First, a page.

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Have you ever been in a meeting at work and wished you could just blurt out all the snarky thoughts in your head and damn the consequences? If so, Leona Lindberg is the cop for you. She’s an outspoken misanthrope with a dark past who manages to keep her job on the Stockholm police force because she’s a good detective--and decidedly not because anyone likes her.

Her latest case is a weird one: banks are being robbed by a young girl who comes in naked and covered in blood. Leona’s colleagues don’t want the case because robberies are small potatoes compared to murders, but Leona’s motivations for volunteering to add it to her caseload are...complicated, it turns out. Very complicated.

I like “cop with a dark side” stories as much as the next girl, but you have to really be okay with darkness to be a fan of Leona. If you can’t get behind an antihero, maybe give this one a pass, especially because at 450 pages, you’re going to have to spend a lot of time with her. If you don’t mind your detectives on the shady side, though, step right up.

By the way, I intended to credit the translator here as this book was originally published in Swedish, but after a thorough Internet search and a study of the print copy, I came up empty.

Find it at your library!

I love recommending books, but in an idiosyncratic feat of doublethink, I don’t always take recommendations well from others. I wrote last year about how I put off reading Doc by Mary Doria Russell despite my dad’s insistence that it would be a great title to write about on my new-at-the-time book blog. I’m not even sure what my problem was—I like a good western every now and then, and Russell is a respected historical fiction writer. In the post I wrote after I finally read the book in a fit of guilt, I blamed my lack of interest on the cover, but now I suspect I’m just too contrary to prioritize books other people recommend me. Admittedly, there’s probably some pride there, too. I’m a girl who obsesses over books! Who would know better than me what I should read next?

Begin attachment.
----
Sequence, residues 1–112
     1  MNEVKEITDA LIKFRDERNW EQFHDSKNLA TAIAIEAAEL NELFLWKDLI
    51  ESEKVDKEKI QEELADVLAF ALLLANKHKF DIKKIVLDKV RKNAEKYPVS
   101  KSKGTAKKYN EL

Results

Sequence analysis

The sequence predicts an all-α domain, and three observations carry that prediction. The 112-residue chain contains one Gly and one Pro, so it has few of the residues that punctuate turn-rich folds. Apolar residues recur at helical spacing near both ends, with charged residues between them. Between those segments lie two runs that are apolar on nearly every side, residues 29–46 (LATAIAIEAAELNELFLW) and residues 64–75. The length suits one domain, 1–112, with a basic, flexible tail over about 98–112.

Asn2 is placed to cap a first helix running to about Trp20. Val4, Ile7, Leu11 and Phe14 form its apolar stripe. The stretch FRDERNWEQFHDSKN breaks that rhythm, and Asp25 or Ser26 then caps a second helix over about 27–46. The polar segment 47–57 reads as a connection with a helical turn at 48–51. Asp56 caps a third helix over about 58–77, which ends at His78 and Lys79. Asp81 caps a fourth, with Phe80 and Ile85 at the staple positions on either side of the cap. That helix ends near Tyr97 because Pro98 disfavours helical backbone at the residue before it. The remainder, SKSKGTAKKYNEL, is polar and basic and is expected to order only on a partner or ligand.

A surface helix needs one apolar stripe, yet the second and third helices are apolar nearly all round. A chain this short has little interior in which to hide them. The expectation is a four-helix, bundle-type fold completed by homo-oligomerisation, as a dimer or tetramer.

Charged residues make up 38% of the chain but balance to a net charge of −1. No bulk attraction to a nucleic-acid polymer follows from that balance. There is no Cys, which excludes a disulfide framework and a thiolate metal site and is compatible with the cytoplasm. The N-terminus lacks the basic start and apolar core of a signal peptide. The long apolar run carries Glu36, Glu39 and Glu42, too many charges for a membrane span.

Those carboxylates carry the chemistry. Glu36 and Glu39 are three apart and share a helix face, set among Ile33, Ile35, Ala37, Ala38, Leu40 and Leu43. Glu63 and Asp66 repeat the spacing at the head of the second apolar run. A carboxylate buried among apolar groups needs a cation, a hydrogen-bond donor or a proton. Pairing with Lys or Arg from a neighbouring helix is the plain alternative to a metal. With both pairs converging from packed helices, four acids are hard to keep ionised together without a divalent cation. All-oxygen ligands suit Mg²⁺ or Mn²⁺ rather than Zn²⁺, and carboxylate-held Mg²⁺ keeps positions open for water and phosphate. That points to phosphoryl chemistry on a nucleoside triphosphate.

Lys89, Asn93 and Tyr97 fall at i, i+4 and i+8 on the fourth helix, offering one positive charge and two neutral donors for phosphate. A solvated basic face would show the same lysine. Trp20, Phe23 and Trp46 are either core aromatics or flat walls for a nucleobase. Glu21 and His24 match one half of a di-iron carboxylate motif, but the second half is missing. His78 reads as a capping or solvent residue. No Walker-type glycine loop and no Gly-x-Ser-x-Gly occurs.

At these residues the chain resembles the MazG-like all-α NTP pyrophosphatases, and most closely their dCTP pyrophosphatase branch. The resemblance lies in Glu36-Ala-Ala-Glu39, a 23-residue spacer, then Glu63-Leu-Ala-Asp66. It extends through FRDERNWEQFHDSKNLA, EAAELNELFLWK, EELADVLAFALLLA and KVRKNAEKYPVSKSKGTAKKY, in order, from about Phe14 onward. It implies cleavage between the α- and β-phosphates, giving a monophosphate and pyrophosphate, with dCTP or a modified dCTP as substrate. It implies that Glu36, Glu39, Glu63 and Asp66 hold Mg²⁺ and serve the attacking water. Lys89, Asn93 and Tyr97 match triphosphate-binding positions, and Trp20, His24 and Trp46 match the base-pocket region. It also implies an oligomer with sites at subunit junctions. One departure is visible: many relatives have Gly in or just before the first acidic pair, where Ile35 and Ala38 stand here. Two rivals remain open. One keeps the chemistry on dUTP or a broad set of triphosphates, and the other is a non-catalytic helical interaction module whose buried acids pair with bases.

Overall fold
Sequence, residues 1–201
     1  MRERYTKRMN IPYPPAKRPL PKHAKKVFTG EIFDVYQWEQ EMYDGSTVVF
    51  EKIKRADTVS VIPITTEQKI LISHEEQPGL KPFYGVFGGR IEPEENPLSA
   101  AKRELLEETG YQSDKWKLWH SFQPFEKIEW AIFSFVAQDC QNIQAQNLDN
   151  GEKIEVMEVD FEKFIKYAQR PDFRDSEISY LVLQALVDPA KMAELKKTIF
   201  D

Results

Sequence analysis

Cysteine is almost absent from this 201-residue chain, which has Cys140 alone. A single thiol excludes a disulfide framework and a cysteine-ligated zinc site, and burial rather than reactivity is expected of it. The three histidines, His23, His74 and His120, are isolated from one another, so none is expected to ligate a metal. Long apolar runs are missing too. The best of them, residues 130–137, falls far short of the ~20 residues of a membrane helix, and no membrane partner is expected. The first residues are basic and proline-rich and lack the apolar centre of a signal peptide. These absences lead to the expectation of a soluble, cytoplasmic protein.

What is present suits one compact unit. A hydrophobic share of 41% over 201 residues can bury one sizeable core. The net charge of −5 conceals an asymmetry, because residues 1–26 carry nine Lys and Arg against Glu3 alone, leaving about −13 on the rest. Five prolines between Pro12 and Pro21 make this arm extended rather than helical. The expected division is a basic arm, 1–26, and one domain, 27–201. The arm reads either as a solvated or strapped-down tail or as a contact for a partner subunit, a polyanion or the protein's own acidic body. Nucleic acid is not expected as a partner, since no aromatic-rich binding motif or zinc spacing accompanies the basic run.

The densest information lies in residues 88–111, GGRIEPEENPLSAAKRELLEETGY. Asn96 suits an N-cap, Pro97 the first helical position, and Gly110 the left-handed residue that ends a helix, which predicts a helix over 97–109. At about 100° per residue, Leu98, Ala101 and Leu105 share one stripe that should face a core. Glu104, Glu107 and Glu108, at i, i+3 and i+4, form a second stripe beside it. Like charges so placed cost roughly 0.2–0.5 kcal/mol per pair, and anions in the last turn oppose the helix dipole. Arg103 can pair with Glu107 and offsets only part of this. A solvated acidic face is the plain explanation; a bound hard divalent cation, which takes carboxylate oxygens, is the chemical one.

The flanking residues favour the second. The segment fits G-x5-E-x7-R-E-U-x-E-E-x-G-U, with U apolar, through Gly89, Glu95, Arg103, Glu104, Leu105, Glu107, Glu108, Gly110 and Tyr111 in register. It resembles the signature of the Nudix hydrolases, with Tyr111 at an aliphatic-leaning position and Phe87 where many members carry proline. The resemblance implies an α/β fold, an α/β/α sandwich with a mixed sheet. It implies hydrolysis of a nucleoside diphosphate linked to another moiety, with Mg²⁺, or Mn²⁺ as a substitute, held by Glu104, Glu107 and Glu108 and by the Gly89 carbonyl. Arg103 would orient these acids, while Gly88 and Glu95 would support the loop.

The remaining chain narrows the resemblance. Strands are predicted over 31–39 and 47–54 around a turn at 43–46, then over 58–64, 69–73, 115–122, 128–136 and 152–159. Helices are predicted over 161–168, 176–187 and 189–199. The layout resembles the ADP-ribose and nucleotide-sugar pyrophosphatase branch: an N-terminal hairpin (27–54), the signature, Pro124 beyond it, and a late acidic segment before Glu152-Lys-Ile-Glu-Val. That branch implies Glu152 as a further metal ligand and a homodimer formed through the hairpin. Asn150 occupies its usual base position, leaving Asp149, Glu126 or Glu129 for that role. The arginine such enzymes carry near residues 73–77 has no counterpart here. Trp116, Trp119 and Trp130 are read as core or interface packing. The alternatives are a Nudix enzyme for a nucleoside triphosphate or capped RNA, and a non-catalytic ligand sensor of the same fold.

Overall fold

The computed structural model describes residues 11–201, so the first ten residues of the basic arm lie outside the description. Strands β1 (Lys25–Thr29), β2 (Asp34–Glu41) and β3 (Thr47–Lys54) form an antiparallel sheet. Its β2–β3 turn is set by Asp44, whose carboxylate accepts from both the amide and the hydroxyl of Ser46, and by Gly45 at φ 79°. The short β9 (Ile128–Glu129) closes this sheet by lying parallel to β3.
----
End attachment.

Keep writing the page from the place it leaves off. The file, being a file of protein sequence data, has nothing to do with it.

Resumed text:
So perhaps a bit of crow-eating is the order of the day. A friend recommended Roseanna to me upon noticing that I enjoy crime fiction, and Norwegian/Swedish detective novels in particular. There's a special place in my heart for Jo Nesbo’s The Snowman, the first of his books I read and still my favorite today. My friend pointed out that writing duo (or as he memorably referred to them, “Marxist power couple”) Sjowall and Wahloo influenced my beloved Nesbo and other Nordic writers like him. Sounds like their work would be right up my alley, right? The answer is yes, but that didn’t cause me to seek out the book with any kind of alacrity. I dutifully added the title to my TBR list, and there it sat, neglected, until once again guilt took over, and I procured an audio version.

And of course, it was great and I was silly to put it off and other self-deprecating things, blah blah blah.

First of all, don’t be put off by the fact that the series was published in the ‘60s. I had to keep reminding myself that the action wasn’t taking place in the present day, as the writing felt very fresh and current to me. I could see the connections between Roseanna and the Nesbo books I love and adore. Sjowall and Wahloo, like their titular character and murder victim, were ahead of their time.

The central detective of the novel, Martin Beck, certainly reminded me of Nesbo’s crusty and crotchety leading man, Harry Hole. Neither is immediately likable, or charismatic, or even the first to figure out a clue. But there’s something about them that slowly wins you over despite their flaws, such as, in Beck’s case, the abominable way he treats his wife, or, in Hole’s case, his not-insignificant drinking problem. And the more Beck uncovers about his victim, Roseanna McGraw, the more I liked her and wanted justice for her sake.

So thanks to the people in my life who like me enough to recommend books to me. Even if it takes me a year or more to read them, I appreciate your efforts. I would say I’ll try to be more open-minded in the future, but hey, I gotta be me.